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Determiners versus Pronouns

Many determiners are also pronouns, and it's important to understand the difference.

A determiner occurs at the beginning of a noun phrase and in some way qualifies the rest of the noun phrase. A determiner cannot exist alone:

A pronoun can take the place of a whole noun phrase:

Most determiners and pronouns are exactly the same word: either (determiner) and either (pronoun)

A few determiners and pronouns are close but not exactly the same: my (determiner) and mine (pronoun)

Here are some examples of determiners that have a pronoun equivalent:

determiners pronouns
demonstratives
this, that
these, those
this, that
these, those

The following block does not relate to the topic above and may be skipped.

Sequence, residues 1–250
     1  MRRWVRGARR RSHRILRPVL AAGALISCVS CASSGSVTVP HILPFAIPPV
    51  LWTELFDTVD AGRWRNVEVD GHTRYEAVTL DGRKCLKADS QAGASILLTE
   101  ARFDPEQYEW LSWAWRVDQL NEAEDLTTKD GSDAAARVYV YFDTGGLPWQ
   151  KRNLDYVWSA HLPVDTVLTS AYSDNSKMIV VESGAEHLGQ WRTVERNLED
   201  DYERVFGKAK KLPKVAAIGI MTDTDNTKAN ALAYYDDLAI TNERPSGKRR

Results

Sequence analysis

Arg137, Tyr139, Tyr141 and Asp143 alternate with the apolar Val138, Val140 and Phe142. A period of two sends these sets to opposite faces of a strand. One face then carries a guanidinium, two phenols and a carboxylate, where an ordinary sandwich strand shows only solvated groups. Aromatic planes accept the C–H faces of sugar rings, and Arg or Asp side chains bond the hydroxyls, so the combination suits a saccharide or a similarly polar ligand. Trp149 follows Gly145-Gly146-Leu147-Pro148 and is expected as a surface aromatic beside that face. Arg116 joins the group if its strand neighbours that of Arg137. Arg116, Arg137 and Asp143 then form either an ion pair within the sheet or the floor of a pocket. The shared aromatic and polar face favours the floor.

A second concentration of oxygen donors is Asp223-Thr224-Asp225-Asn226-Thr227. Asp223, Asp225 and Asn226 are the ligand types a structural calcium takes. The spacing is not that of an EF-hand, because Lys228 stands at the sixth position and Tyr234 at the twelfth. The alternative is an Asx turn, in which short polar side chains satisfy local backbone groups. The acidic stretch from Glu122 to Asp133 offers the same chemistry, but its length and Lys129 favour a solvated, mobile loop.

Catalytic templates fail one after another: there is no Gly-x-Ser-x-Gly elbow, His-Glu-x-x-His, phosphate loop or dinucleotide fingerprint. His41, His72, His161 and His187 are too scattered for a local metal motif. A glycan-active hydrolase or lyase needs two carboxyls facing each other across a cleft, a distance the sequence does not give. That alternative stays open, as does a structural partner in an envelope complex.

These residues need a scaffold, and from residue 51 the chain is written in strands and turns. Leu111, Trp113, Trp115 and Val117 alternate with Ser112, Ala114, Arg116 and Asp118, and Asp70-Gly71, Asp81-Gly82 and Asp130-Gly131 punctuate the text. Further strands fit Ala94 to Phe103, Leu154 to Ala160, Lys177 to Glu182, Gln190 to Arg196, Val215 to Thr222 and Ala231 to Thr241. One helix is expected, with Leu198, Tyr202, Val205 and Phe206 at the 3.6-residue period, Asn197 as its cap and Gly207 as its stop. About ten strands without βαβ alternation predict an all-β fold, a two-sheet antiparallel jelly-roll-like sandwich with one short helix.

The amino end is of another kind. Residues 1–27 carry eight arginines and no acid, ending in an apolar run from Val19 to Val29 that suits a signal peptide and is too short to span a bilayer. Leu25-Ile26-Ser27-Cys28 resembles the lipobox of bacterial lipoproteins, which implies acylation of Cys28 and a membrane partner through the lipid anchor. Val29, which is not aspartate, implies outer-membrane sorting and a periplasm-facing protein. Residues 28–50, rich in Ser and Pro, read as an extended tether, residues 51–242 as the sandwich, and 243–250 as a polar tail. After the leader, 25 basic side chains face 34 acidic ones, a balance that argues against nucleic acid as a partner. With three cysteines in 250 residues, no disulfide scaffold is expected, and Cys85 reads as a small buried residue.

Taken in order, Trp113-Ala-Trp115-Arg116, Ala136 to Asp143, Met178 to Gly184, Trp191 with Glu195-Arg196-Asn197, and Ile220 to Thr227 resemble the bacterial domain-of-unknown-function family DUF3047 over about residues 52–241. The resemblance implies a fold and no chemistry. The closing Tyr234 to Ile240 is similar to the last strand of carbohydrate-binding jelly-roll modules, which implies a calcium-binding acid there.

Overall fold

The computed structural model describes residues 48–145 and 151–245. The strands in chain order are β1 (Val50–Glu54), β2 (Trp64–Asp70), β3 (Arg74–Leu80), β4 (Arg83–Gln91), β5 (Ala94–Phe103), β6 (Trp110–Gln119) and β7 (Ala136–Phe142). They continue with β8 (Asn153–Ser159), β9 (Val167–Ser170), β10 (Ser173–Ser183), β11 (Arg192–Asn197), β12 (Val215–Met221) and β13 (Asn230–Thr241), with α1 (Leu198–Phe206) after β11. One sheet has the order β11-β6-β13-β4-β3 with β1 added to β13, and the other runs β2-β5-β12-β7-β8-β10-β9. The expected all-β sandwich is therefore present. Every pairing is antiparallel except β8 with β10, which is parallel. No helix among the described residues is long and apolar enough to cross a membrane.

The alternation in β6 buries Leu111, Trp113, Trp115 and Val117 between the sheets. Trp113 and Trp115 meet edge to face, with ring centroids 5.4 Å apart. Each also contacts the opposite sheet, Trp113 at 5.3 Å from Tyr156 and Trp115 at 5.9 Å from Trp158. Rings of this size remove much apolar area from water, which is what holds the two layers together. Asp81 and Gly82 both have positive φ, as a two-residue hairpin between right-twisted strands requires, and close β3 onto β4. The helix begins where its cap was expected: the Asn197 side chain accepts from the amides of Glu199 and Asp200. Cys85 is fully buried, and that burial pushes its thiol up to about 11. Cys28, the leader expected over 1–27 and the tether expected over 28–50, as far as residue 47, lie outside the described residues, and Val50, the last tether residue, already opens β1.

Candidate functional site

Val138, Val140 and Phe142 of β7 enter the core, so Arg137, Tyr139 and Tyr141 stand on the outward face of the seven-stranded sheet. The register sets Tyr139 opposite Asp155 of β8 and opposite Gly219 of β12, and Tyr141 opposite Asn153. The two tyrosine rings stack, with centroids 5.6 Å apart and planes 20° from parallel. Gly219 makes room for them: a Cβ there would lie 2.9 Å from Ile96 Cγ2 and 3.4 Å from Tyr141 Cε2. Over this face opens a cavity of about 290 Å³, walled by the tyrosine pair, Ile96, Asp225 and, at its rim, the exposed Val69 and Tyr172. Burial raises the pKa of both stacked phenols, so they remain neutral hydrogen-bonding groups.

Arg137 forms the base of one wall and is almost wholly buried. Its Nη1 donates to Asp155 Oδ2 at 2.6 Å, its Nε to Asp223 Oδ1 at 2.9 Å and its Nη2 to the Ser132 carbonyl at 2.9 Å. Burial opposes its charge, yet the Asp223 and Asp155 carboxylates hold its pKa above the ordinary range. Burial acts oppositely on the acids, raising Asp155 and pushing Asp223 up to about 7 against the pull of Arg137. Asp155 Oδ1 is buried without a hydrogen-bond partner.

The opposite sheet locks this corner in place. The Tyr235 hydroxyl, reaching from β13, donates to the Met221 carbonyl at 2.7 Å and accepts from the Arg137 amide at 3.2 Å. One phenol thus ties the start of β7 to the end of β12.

quantifiers
some, any some, any
no none
many/much many/much
enough, several enough, several
more, most more, most
either, neither either, neither
each each
all, half, both all, half, both
possessives (see full list below)
my/his etc mine/his etc
interrogatives
what, which, whose what, which, whose

Here is a full list of possessive determiners and pronouns:

determiners pronouns
possessives
my mine
your yours
his
her
its
his
hers
its
our ours
their theirs

More about determiners